“North India will see investments only from players that are already operating in the region. Maharashtra and Tamil Nadu are the hot destinations for setting up automobile manufacturing facilities today,” Kapil Arora, Partner – Automotive, Ernst & Young tells B&E. Undoubtedly, Maharashtra and Tamil Nadu continue to strengthen their stature as the major auto hubs in India. In fact, Maharashtra is already home to players like Tata Motors, Bajaj Auto, M&M, Volkswagen, Fiat, GM, Piaggio, Premier, et al, and produces 4.15 million two-wheelers, 820,000 cars and 245,000 commercial vehicles, which is 25% of the total automobile production happening in India. Tamil Nadu, for that matter, houses companies like Hyundai Motors, Ford India, BMW, Renault-Nissan, Ashok Leyland, Mitsubishi and Bharat Benz. The region today accounts for 35% of the total $35-billion revenue that the Indian auto industry generates every year and 69% of the total automotive exports from India (KPMG report). Gujarat too is slowly turning out to be the next major auto hub with GM being an early entrant followed by Tata Motors and Maruti Suzuki. The state today produces 600,000 cars, 250,000 e-bikes, 48,000 three-wheelers and 50,000 trucks. It is expected that several auto majors will soon be setting up their base in Gujarat in the near future.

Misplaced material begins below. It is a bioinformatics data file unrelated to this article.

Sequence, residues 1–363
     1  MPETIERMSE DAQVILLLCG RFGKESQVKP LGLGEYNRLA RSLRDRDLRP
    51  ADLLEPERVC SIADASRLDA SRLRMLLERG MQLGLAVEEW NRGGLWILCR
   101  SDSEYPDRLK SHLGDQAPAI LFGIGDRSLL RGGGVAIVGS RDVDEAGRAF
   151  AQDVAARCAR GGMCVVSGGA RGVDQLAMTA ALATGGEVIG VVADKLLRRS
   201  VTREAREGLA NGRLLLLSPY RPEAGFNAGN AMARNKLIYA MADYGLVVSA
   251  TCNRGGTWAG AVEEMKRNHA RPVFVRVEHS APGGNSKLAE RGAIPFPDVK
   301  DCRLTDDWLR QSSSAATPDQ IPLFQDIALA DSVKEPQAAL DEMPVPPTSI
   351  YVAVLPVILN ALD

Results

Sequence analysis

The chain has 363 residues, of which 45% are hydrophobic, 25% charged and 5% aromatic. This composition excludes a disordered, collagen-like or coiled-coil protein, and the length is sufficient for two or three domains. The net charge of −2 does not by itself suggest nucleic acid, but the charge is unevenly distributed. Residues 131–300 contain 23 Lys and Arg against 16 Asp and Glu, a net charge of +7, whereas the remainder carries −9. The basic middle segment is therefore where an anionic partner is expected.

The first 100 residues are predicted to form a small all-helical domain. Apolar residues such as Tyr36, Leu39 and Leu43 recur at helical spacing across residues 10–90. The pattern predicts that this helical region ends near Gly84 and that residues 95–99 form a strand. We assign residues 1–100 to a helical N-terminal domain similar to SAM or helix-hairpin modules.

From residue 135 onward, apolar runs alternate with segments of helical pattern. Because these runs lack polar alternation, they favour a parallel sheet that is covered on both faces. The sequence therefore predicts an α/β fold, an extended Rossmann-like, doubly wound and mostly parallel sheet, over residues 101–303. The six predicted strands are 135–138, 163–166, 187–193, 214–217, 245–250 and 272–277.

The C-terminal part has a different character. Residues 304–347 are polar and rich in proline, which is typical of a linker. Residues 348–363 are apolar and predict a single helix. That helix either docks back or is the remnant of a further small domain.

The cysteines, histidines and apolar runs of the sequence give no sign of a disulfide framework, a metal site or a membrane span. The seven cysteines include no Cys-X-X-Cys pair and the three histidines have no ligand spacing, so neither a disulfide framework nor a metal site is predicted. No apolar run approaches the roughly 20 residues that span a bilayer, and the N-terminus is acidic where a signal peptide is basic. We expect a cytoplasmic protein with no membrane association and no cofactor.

Considering this, it seems that NCR is already miles behind in the race to the top. Although it continues to be home to both the market leaders (Maruti Suzuki in passenger car segment and Hero Honda in two-wheeler category), no other big player in the industry is willing to join them, especially if the scenario (read: labour unrest) remains the same. Agrees Abdul Majeed, Head – Automobile Practice, PwC India as he tells B&E, “Strikes are not good news for anyone. If necessary, there should be several rounds of discussion between the stakeholders to resolve the issues as soon as possible. Learning from the recent incident in NCR, strikes should not become a label for any location as it will then create problems for the OEMs operating from the region. Even new players would not like to invest in the region.”